Dr. Sarabhai was keenly aware that creating a scientific temper and promoting scientific thinking among the population was fundamental in our progress as a nation. He felt that science teaching needed to be innovative to achieve this, and also that the best scientists should engage with young minds, and inspire them towards science. His own background of being home-schooled in a very open learning environment, where exploring and innovating were the key, may have been the foundation of his conception of science education.  

Vikram Sarabhai as a boy, with his model train

It was in this background that in 1963, Vikrambhai got scientists of the Physical Research Laboratory (PRL) involved in a project called ‘Experiment for Improvement of Science Education’, to take science to citizens. These early efforts were institutionalized in 1966, with the creation of an institution called the Community Science Centre (CSC), whose foundation stone was laid by Dr. Sarabhai’s guru, the Nobel Laureate, Sir CV Raman.  The famous lecture ‘Why the Sky is Blue’ was delivered by Sir Raman at the Centre on this occasion.

CSC was the trailblazer in the country, and the country’s active Science Centre/ Science Museum movement owes a lot to the pioneering work of this institution. CSC was re-named Vikram A. Sarabhai Community Science Centre (VASCSC) after the passing away of Dr. Sarabhai.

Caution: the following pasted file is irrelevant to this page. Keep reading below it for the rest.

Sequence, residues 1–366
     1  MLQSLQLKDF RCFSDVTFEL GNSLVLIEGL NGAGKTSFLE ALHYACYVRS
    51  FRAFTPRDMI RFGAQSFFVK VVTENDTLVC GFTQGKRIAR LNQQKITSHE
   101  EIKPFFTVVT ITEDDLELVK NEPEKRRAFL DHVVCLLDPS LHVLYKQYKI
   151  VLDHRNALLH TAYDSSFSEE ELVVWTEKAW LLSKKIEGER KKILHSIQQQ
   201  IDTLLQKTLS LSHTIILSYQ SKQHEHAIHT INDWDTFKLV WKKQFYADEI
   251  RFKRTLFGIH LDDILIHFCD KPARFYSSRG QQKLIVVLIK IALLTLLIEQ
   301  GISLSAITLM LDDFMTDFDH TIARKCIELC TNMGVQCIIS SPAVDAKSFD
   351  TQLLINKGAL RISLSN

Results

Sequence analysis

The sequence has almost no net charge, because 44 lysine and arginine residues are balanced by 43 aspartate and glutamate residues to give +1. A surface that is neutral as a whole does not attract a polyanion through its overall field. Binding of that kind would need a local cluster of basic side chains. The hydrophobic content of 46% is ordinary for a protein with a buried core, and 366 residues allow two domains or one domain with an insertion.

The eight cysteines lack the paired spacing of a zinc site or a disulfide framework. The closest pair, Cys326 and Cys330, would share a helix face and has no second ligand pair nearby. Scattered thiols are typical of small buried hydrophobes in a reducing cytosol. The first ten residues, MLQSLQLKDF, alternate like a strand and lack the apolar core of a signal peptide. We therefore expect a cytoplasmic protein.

To quote VASCSC’s website, ‘The core of the Centre’s philosophy is to take school and college students out of the rigid framework of textbooks and encourage them to think, explore and create. Over the years, the Centre has combined formal and non-formal techniques to formulate many innovative methods to give students a better understanding of Science and Mathematics, which not only make the process of learning enjoyable but also sustained and long-lasting.’  It aims to bring teachers, students, research workers, administrators and the community together for a better appreciation and understanding of science.

VASCSC has been the pioneer of several innovative science education programmes, including interactive science exhibitions, open laboratories, math-lab, science playgrounds. These are today the backbone of many a science education programme in the country.  The educational kits and materials developed by it are of a very high quality.

A landmark initiative of VASCSC was the Science Express, done for the Department of Science (DST), which ran for several years. This was an innovative science exhibition mounted on a 16-bogey train, specially designed by the Indian Railways. Launched in October 2007 by DST, Science Express covered over 1,22,000 km across the country, receiving more than 1.33 crore visitors at its 391 halts, over 1,404 days. It has thus become the largest, longest running and most visited mobile science exhibition, probably in the world and has created several records in its wake’ (DST). The exhibition has six entries in the Limca Book of Records.

Mrs. Mrinalini Sarabhai wrote of Dr. Sarabhai: ‘‘He often said that on retirement he would like to spend time with young children talking to them about science.’ Sadly Dr. Sarabhai died young, so he could not fulfill this dream. But the initiative he started at the CSC has indeed contributed to the vision of transforming science-education in India

–Meena

I am privileged to be a member of the Governing Council of VASCSC.

Vikram Sarabhai Centenary

A Life Too Short: A Tribute to Dr. Vikram Sarabhai

Vikram Sarabhai Centenary

A Life Too Short: A Tribute to Dr. Vikram Sarabhai

Vikram Sarabhai Centenary

A Life Too Short: A Tribute to Dr. Vikram Sarabhai

Snail Alert